Words of the Week

In a lottery, it is not the ticket that wins but the person.
Rabbi Chaim Kanievsky

Jew of the Week: Adele HaNeviah

First Lady of Hasidism

The Baal Shem Tov’s Synagogue in Medzibuzh

Adele bat Israel (c. 1720-1787) was born in Podolia (in what is today Ukraine), the eldest of two children of Rabbi Israel Baal Shem Tov, the founder of Hasidic Judaism. Adele (sometimes alternatively spelled “Odel”) grew up learning with her father, and was one of his greatest disciples. She served as his assistant and advisor. Adele went on to be a Hasidic teacher herself and a famed mystic in her own right. In fact, she was known to have divine inspiration, and was sometimes called Adele HaNeviah, “the Prophetess”. When the Baal Shem Tov sought to make aliyah to Israel, he only took with him his two children. They experienced many hardships along the way, including the capsizing of their ship, and being stranded on an island. Adele had been thrown off the ship into a stormy sea, and survived miraculously. The three ultimately returned to Europe. Before her twentieth birthday, Adele married a young Jewish scholar. Together, they made a living by running a shoe shop, and had three children: Her eldest son, Moshe Chaim Ephraim, went on to be a great Hasidic leader and wrote the famed text Degel Machaneh Ephraim. Second son Boruch was instrumental in getting the Hasidic movement going from its new “capital city” of Medzibuzh. Her youngest, daughter Faiga, was the mother of renowned Rebbe Nachman of Breslov. Adele was a key link in the chain of Hasidic tradition, and served as the “matriarch” of its first few generations. She has been called the “First Lady” of Hasidism.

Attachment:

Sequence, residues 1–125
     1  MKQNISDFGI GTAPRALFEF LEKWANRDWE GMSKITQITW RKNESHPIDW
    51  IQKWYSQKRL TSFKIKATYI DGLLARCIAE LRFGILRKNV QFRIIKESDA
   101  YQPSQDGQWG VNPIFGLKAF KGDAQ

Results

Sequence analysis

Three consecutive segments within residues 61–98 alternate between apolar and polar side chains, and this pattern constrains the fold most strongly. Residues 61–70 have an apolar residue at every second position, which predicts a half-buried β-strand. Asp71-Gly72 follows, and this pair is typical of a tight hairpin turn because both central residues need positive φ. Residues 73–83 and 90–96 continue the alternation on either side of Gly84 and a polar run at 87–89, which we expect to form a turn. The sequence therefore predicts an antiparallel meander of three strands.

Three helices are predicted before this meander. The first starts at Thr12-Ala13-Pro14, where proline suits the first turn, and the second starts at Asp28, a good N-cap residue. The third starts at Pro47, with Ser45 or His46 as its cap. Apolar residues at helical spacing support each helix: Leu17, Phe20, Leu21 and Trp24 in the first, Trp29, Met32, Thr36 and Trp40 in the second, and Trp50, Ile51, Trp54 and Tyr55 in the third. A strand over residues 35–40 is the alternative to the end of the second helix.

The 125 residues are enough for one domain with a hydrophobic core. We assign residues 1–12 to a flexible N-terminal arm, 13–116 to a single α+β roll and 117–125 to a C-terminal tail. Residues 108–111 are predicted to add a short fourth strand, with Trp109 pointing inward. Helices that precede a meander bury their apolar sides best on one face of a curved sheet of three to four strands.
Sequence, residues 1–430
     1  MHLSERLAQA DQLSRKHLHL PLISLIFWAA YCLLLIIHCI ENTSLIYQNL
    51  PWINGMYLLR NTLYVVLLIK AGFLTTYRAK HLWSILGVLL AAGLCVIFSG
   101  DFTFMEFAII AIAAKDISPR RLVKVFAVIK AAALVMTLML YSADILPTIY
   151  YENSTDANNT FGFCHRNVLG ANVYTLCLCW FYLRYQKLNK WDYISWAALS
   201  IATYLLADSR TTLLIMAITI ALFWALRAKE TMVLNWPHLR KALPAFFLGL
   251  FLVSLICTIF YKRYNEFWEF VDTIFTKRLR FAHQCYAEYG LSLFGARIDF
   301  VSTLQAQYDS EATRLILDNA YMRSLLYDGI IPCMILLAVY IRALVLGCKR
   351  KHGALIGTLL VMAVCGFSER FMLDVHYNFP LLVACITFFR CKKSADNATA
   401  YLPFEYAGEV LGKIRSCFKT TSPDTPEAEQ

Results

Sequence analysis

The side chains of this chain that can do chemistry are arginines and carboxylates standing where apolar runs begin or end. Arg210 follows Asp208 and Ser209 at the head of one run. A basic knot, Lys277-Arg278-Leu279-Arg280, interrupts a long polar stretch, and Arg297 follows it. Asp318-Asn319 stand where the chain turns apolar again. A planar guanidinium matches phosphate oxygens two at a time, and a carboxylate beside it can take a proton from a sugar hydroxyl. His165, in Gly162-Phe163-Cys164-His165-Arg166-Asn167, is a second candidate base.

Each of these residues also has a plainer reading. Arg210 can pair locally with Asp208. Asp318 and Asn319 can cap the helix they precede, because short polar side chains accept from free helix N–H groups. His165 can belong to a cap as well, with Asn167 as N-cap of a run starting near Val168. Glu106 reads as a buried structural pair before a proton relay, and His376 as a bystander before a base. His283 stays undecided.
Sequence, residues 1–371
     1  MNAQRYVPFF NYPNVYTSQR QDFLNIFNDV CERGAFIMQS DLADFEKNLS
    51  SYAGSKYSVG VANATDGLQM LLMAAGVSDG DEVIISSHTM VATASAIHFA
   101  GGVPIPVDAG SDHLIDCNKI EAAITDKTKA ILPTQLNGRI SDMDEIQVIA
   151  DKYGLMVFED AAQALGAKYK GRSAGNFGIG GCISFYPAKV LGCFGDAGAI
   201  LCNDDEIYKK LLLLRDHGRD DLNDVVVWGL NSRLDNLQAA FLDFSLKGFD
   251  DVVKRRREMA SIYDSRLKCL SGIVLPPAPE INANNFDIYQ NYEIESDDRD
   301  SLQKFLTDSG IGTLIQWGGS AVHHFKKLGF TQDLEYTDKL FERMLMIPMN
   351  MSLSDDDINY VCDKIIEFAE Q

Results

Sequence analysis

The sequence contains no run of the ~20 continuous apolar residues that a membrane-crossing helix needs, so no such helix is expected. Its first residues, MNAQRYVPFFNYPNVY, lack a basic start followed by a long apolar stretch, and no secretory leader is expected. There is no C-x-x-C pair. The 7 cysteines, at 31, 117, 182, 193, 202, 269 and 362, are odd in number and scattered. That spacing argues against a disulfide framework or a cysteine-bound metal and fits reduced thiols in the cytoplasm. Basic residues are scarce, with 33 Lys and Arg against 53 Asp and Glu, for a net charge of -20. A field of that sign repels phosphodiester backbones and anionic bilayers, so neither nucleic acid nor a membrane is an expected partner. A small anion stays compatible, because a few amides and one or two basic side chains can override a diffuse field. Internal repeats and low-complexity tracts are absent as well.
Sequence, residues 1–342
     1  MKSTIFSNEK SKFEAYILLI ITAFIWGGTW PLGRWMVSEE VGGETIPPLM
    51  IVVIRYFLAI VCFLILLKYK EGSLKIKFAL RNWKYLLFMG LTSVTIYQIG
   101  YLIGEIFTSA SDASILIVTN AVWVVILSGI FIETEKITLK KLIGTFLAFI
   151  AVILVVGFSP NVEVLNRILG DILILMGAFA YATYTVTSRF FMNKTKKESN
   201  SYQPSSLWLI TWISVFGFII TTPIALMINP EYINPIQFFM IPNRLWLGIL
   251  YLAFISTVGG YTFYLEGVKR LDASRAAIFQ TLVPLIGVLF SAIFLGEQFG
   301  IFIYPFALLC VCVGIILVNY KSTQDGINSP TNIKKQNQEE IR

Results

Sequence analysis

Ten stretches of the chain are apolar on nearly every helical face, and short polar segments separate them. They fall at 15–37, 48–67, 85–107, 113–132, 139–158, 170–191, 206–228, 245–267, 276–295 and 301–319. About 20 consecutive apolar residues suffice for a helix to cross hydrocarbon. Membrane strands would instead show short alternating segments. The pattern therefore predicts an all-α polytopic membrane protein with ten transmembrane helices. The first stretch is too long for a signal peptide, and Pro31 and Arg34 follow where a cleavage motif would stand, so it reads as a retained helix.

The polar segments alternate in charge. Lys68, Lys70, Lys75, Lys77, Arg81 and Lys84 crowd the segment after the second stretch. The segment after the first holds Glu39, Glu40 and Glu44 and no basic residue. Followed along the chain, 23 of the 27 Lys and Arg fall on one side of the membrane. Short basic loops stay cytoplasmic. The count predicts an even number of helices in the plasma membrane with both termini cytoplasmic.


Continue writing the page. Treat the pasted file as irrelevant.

The Surprising Story of Russia, Ukraine, and the Jews

Words of the Week

Anyone who has truly practiced a religion knows very well that it is that [which] stimulates the feelings of joy, inner peace, serenity, and enthusiasm that, for the faithful, stand as experimental proof of their beliefs.
 Emile Durkheim, “father of sociology”